Two people stand on a grassy hillside in the King Range Wilderness, overlooking the Pacific Ocean.
Wildhorses at Sand Creek Barrel Springs Byway at sunset.  Photo by Laurie Sada Upper Wall Canyon creek.  Photo by B. Parrott Windmill at Sunset in Surprise Valley Sunset reflection on Upper Lake in Surprise Valley.
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Noxious Weeds

Diffuse Knapweed (Centaurea diffusa) 
Sunflower Family (Asteraceae)

Photo of Diffuse Knapweed

Description:  A slender, highly branched annual or short-lived perennial 1 to 2 feet. Stems rough to the touch. Leaves narrow, pinnately divided below, reduced above. Flowers numerous, narrow, with white to rose, but sometimes purplish, ray flowers. Phyllaries with marginal, comb-like bristles and a distinct slender spine on the tip. Seeds are brown or grayish, without bristles.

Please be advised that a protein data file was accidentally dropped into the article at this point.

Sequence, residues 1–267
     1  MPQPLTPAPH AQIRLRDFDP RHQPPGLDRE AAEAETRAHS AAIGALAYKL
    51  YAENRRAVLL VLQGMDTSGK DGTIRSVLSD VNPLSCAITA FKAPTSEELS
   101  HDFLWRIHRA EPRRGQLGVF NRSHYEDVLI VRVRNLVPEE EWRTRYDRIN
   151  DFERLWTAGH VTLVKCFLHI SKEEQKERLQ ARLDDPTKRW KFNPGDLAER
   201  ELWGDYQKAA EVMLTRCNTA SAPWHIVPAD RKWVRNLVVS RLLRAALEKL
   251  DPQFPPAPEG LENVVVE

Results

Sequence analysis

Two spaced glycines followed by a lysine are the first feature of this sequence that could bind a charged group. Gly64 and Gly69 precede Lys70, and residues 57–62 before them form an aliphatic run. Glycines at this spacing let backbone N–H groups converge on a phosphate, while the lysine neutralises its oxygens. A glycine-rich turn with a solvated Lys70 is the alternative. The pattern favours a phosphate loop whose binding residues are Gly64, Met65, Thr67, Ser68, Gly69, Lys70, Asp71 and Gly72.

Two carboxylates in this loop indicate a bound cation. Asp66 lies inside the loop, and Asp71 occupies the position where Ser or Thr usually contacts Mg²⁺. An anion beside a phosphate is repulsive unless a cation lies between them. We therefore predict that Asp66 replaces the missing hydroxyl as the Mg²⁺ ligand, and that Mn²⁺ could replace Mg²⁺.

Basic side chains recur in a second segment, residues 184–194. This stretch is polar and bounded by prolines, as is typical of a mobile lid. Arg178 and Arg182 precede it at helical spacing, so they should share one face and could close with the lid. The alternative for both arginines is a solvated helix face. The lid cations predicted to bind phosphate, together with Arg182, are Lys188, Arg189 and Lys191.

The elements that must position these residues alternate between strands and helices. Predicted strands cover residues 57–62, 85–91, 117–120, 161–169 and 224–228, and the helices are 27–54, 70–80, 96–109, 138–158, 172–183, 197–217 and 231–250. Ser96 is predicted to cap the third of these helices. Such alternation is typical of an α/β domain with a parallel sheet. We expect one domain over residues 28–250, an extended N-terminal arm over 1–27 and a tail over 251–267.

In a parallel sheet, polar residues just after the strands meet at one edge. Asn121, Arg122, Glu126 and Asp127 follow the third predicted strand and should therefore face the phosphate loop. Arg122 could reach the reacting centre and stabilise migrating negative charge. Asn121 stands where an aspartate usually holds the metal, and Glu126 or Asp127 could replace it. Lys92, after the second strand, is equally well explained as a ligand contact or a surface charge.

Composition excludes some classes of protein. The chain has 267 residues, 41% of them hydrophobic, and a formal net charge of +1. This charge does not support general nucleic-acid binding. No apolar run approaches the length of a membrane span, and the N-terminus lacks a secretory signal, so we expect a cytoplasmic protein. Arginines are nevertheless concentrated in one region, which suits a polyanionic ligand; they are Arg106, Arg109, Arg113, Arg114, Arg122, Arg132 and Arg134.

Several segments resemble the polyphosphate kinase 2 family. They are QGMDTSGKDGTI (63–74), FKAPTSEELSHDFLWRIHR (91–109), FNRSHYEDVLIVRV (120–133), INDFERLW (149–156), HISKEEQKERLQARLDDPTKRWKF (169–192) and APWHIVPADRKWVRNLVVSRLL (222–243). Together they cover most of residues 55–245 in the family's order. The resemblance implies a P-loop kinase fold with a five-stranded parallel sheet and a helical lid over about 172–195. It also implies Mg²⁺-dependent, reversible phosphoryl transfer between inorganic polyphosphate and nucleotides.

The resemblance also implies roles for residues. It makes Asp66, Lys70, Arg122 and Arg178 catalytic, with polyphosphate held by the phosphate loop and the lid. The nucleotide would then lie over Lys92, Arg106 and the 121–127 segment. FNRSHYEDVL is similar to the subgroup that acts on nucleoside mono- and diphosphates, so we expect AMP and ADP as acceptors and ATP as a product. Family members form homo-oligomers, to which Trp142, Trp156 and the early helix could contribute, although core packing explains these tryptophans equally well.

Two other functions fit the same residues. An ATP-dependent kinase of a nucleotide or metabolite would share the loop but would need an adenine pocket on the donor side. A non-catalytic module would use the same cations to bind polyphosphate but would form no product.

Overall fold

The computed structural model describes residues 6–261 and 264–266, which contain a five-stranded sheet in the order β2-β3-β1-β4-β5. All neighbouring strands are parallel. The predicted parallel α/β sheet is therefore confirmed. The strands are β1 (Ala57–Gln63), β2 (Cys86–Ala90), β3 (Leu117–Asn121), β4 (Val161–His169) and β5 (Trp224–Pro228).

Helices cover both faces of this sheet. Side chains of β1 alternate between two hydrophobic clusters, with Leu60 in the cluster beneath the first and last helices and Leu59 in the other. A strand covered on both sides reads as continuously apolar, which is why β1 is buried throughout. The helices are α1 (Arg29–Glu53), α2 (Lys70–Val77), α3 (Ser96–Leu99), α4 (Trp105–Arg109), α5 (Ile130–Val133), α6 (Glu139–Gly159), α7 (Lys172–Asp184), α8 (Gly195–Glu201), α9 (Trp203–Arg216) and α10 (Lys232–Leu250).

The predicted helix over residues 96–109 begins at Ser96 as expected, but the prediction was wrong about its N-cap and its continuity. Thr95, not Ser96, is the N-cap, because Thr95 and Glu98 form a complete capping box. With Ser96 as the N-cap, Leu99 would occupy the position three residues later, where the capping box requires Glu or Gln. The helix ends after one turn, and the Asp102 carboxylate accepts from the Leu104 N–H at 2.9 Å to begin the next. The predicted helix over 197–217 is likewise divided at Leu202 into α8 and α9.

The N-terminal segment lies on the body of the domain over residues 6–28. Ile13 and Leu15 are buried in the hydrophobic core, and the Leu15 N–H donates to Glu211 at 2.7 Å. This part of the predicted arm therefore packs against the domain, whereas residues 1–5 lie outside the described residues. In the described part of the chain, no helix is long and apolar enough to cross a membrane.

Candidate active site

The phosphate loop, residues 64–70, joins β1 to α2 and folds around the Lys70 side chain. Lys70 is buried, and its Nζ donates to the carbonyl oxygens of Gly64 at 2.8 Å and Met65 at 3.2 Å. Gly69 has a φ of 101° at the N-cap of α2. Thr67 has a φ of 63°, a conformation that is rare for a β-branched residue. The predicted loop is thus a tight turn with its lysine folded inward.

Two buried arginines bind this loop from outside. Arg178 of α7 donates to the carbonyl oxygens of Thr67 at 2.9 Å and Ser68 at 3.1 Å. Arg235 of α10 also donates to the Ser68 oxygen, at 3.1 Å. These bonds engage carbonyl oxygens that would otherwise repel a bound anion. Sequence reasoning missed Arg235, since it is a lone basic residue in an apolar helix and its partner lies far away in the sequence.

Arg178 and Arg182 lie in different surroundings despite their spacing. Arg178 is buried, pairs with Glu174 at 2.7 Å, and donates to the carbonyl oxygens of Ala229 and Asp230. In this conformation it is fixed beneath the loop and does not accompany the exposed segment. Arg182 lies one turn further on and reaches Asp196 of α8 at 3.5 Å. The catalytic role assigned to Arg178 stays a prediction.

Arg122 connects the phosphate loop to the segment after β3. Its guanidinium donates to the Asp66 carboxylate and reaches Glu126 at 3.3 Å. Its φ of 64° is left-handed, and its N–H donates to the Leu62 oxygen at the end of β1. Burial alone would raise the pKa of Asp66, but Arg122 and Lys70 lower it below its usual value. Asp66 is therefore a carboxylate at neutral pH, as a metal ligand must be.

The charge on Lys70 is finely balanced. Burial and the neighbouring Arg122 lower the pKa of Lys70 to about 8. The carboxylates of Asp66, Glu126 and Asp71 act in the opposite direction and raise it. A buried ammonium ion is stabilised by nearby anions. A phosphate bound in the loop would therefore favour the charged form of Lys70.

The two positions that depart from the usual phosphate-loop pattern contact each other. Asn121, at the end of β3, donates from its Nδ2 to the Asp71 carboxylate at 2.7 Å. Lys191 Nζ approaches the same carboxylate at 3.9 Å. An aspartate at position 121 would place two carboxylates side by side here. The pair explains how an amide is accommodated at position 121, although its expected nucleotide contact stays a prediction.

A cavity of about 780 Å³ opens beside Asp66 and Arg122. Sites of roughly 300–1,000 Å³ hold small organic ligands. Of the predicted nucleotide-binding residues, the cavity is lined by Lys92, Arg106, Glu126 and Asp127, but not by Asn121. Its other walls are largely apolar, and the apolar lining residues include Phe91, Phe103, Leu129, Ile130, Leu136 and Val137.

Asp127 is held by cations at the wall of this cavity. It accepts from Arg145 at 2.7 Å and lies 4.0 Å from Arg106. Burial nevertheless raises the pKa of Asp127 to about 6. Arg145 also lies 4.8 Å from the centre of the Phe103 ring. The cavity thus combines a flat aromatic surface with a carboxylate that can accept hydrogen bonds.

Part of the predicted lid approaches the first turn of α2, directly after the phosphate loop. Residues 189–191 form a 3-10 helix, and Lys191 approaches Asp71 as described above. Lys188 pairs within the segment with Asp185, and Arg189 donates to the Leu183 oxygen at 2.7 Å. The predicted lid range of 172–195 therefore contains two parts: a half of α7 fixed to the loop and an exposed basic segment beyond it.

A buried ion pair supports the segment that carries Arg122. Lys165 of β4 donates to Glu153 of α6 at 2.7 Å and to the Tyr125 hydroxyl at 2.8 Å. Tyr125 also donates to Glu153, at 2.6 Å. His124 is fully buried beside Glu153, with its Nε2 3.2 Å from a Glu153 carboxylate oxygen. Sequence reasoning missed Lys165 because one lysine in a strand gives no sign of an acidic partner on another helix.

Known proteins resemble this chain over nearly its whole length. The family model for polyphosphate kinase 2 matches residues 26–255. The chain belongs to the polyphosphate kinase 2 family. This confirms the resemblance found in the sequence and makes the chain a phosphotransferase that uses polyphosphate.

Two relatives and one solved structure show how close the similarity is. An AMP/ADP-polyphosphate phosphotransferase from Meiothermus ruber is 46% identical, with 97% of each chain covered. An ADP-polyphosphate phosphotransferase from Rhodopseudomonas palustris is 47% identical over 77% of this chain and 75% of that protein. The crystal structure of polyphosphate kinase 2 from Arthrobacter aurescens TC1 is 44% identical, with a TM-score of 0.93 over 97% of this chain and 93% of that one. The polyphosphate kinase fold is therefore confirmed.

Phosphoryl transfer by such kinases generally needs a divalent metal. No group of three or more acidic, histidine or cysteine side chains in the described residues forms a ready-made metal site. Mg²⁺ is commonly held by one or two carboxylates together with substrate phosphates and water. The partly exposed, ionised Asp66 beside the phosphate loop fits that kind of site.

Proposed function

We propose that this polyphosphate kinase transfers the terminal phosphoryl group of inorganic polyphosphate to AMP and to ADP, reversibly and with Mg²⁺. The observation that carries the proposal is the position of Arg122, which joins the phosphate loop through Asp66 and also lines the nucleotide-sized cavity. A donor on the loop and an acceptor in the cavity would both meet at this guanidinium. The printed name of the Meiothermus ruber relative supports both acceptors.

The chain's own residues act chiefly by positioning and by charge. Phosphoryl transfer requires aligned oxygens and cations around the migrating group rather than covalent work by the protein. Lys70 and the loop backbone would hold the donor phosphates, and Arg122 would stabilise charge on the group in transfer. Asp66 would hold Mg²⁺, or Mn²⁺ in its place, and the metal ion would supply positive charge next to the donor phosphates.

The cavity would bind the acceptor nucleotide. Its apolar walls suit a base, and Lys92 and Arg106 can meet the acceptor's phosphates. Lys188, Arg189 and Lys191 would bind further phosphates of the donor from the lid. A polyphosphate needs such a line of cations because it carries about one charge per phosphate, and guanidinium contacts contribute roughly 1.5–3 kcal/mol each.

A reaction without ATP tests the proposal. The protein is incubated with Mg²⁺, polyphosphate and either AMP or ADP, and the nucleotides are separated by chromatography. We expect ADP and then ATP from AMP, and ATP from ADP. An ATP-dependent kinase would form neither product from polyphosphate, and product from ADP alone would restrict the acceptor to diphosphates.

Habitat:  Native to southwest Europe. This weed grows on dry roadsides, waste areas, and rangelands. A highly competitive plant which replaces native and desirable vegetation.

Distribution:  The three largest infestations of diffuse knapweed found in northeastern California consist of 10 acres or more each. They are along McAdams Creek (Siskiyou County), south of New Pine Creek (Modoc County), and south of McCloud (Shasta County). Small populations and single plants can be found along many of northeastern California's roadways.

Flowering Period:  July to October.

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